Developer, teacher, sports-fanatic. As a developer, he's working on simplifying online collaboration at join.me by LogMeIn. As a teacher, he's training people in various frontend related fields at Training360. In his free time, he's researching the patterns and algorithms connecting basketball, trail running, and drums. His devotion to impeccable user interfaces is rivaled only by his constant search for the perfect brew of Chinese tea.
Charlie is a software developer at ThoughtWorks in Sydney. She is passionate about creative coding and hardware and spends her free time experimenting with technology to create interactive prototypes. She also spends time giving back to the community by mentoring new developers and contributing to open-source software.
This talk will take you through our journey to Polaris. An overview of what a design system is, why you would want one, and how we built ours at Shopify. I will give you a behind the scenes look into the technologies and patterns we used to build the system. React, TypeScript, CSS modules, markdown, and how they all come together to build something that both designers and developers will enjoy using.
Front-end developer lead working at Shopify on their design system, Polaris.
Ingvild is a Senior Developer at the video conferencing startup Confrere. She fell in love with coding after realising code makes it possible for her to to do something good for not just one person at the time - but for everyone that might be using what she built. Before joining Confrere, she worked 4 years at BEKK Consulting, specializing in frontend. A fun fact: even after working in a video conferencing startup, she still finds video conversations slightly awkward.
Within the process of building a brand new application, us engineers are used to consider a lot of issues users may have while using our website or app: cross browser compatibility, accessibility and responsiveness are a few of the things that are always on our mind, but are we really building apps for everyone? Brazil has a population of over 207 million people and only 37,9% of them have access to LTE phones; most of them still use 3G and even 2G networks.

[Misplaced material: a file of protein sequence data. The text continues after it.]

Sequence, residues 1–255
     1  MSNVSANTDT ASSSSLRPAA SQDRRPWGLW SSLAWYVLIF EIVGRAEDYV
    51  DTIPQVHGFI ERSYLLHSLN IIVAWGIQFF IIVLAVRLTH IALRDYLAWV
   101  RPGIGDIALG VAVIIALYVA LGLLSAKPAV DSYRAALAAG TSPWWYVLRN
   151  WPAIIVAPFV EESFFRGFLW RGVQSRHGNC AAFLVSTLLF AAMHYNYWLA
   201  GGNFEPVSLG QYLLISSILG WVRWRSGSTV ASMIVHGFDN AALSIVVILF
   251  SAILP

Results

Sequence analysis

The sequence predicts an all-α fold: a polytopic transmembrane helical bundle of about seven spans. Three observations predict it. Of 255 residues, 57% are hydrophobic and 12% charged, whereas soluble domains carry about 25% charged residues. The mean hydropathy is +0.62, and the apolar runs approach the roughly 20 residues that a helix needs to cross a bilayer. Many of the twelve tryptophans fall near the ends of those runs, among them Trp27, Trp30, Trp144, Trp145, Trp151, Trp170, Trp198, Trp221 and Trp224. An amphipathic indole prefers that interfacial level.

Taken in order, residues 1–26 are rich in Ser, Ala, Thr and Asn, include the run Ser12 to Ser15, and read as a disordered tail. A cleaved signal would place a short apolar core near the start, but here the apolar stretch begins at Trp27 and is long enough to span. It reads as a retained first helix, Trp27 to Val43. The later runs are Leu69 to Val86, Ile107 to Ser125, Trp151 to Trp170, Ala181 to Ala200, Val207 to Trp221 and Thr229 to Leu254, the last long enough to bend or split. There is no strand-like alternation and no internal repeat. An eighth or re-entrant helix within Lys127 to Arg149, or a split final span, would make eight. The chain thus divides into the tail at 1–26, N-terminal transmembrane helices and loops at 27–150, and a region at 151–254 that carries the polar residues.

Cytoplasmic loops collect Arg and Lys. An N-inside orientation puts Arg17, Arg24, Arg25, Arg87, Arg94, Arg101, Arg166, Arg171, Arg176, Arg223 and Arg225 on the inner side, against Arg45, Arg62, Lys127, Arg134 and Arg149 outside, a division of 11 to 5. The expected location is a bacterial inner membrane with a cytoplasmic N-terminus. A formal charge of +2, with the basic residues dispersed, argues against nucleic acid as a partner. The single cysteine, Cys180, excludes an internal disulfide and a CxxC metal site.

Cellular data is still really expensive, as well as most modern smartphones, which makes most digital experiences unfeasible. However, there's a light in the end of the tunnel! By optimizing the performance on our digital products, we can reach these kinds of users and end up crafting a better experience for all of them. In this talk I'll go through my past experiences implementing performance optimized applications, some of the best practices you can use on your own projects and some of the challenges citizens from emerging countries still face.
In this talk, I'll go through the concepts and practical implementations of performance enhancements like code splitting, css inlining, gzip, resource minification, usage of asynchronous scripts and other concerns that can really change the user experience on a website. Since I'll go from basic concepts to the actual implementation, it'll be applicable and tangible to audiences of different levels of expertise.
Isa is a software engineer working on great digital products at Work&Co. Throughout her career, she has worked with scientific research at COPPE, one of Brazil’s most prestigious research organizations, and nowadays works both on back and front end applications. Isa has worked on products from world class companies like the Stanford University, Planned Parenthood and Banco Votorantim.
Our tools, frameworks, and libraries affect how we code. Learn how the design of a software stack affects the security of the systems built upon it. This talk builds on "A Roadmap for Node.js Security" which takes lessons learned by Google's Security Engineering team and applies them to a Node.js stack.